Tim Cook’s Last Stand

Washington Post reporter Hayley Tsukayama asks, following up on a commentary by software developer Marco Arment: “Is Apple really at the risk of becoming BlackBerry?“. The answer is absolutely “No”. But the concept is right. The fruit-logo company’s dire straight is much more profoundly catastrophic. The risk is becoming Nokia, and the path to that destination…

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European Trustbusters fight the Android Army’s Advances

Once again, as it has done in the past, Google makes the classic monopolist defense for its competitive—or anticompetitive, depending on perspective—behavior with respect to Android. Yesterday, the European Union’s Competition Commission formerly charged Alphabet and its major subsidiary, which has 12 weeks to provide satisfactory legal response before the Commission issues corrective sanctions. Simply…

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Google’s European Problem

Three weeks ago, Google filed its expected rebuttal to the European Competition Commission’s statement of objections released in April 2015. The EC alleges unfair competition in online shopping services. My missive focuses less on the “what it is” and more on the “what does it mean”. Google blogged about the filing, but I haven’t yet seen…

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What is the Google Free Economy?

Today I posted the third installment of my investigative news analysis series “What Does the ‘Google Free Economy’ Cost You?”, which is being crowdfunded through Byline: “Obituary for the Fourth Estate, Part 1“. The headline derives from a subhead in the first story, which I share here, below the fold. During the editing, I nearly broke…

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What Google gets from Alphabet

I predict that the innovation of the year will go, not to a tech product, but to Google’s creation of a new company: Alphabet. The search and information giant that disrupts so many other companies on and off the Internet essentially disrupts itself. By doing so—divesting the core, established business from future research and inventions—cofounders…

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Responsible Reporting Section 1 ‘News in Context’: Chapters V and VI

The fourth installment in the serialization of my ebook Responsible Reporting: Field Guide for Bloggers, Journalists, and Other Online News Gatherers continues the assault on Google, which provides a necessary utility that benefits all news organizations; they sacrifice content and revenue for the privilege. Last week, Chapters 3 and 4 focused on the broken advertising-driven model…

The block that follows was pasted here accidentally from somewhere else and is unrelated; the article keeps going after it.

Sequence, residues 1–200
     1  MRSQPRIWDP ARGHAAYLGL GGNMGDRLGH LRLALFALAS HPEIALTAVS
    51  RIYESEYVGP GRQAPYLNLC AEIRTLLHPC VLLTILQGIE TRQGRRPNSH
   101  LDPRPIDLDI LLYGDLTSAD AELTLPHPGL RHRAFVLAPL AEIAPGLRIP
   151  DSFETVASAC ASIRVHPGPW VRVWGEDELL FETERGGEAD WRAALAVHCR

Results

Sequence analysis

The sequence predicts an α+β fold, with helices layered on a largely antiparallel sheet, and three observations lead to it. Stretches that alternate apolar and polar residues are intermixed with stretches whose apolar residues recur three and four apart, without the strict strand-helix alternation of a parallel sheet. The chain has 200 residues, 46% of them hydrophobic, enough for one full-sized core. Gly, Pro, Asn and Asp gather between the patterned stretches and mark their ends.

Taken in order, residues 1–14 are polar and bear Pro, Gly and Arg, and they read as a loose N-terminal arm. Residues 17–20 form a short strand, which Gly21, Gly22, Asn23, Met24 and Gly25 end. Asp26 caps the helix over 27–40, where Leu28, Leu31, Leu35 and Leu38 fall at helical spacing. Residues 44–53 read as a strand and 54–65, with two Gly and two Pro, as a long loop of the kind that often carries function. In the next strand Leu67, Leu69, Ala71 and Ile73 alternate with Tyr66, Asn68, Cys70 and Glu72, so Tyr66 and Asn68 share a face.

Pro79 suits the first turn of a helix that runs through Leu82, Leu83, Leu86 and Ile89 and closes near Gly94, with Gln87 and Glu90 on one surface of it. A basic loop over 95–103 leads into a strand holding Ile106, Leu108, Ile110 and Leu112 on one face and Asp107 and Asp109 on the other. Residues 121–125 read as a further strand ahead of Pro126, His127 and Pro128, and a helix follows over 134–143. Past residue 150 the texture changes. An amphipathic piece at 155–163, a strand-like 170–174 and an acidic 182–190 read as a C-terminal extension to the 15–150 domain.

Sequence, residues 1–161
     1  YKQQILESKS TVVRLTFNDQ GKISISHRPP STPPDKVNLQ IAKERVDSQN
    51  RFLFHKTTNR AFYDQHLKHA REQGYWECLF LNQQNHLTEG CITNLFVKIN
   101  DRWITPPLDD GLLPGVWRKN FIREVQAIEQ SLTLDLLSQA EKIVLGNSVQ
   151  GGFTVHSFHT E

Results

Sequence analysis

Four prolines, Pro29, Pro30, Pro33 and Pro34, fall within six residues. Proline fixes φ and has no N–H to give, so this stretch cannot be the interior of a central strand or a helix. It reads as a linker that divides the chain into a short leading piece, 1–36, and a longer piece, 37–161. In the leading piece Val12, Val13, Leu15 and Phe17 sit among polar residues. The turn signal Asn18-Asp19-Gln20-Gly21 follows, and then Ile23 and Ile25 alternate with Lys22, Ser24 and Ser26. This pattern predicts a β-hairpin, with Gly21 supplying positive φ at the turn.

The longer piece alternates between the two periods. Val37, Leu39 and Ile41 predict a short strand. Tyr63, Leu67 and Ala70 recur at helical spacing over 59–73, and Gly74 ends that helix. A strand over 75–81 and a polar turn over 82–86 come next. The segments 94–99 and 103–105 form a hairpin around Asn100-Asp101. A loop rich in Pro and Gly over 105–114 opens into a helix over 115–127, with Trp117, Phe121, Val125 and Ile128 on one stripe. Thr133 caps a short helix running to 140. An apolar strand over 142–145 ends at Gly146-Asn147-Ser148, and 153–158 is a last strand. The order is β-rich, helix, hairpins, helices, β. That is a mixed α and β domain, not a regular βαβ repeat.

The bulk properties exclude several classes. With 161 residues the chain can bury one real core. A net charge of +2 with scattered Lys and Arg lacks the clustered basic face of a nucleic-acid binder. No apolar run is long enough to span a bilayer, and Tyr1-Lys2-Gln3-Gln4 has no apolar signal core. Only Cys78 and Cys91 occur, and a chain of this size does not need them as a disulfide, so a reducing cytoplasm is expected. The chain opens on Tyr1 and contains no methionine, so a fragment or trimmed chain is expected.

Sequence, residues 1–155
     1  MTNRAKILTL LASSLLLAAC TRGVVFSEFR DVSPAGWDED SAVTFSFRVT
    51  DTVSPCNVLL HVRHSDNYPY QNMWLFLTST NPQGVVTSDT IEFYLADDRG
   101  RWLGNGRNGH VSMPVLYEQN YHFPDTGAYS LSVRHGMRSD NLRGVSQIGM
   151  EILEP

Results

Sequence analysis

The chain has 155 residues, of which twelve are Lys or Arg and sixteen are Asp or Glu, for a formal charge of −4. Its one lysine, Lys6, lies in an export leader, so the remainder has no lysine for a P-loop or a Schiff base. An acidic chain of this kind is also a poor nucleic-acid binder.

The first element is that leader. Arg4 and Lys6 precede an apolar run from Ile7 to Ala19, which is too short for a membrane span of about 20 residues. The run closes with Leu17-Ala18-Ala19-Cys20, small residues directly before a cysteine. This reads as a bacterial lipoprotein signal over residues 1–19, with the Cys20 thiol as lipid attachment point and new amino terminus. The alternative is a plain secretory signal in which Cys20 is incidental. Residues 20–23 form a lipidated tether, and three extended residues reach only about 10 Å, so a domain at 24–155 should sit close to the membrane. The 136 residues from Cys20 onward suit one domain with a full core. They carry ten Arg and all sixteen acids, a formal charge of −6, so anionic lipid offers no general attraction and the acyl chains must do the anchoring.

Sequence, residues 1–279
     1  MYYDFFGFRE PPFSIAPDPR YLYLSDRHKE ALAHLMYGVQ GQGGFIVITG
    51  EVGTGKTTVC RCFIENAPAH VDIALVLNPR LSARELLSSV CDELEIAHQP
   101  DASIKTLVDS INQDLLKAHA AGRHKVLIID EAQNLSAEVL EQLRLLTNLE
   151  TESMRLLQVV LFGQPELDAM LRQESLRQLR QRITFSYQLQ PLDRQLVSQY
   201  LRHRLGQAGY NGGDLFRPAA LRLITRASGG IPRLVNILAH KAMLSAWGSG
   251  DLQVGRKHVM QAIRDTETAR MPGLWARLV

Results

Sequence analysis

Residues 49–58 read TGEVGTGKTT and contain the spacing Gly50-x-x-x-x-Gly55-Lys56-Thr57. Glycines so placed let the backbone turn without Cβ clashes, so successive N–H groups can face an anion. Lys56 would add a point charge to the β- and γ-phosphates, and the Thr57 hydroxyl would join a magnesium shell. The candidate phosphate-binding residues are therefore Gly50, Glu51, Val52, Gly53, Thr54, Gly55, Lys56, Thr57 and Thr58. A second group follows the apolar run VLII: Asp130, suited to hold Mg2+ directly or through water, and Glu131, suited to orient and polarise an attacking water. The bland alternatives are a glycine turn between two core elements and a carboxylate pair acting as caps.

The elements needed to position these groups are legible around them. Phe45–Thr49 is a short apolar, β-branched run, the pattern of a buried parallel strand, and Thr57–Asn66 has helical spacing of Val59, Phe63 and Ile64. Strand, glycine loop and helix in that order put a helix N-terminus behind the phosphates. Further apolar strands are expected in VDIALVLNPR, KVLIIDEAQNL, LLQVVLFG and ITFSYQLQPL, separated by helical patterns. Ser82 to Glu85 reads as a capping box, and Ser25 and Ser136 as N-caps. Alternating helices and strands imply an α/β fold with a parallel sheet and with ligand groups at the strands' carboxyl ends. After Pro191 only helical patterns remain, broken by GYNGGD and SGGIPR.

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Responsible Reporting Section 1 ‘News in Context’: Chapters III and IV

One thing has changed in the 13 months since the following book excerpt was written: Google loosened some of its services and software cross-integration, presumably in response to antitrust problems in Europe. The company is in the process of divesting some Google+ assets, for example. But in other respects, integration is tight as ever, particularly…

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Google, Love You, Love You Not, Love…

As a working journalist, I am conflicted about Google. In my ebook Responsible Reporting: Field Guide for Bloggers, Journalists, and Other Online News Gatherers, I call the company a “leech that feeds off the intellectual property of legitimate content producers” and rail on the Google free economy’s negative impact on the Fourth Estate. That said,…

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‘Really, Rupert?’ is the Right Question

Today, Rachel Whetstone, Google’s senior vice president of communications and policy, asks what has been on my mind since a stunning scoop set the Wall Street Journal against the Federal Trade Commission and the search and information giant. As I explained in an analysis of the news reporting, the story is flush with insinuation and veiled…

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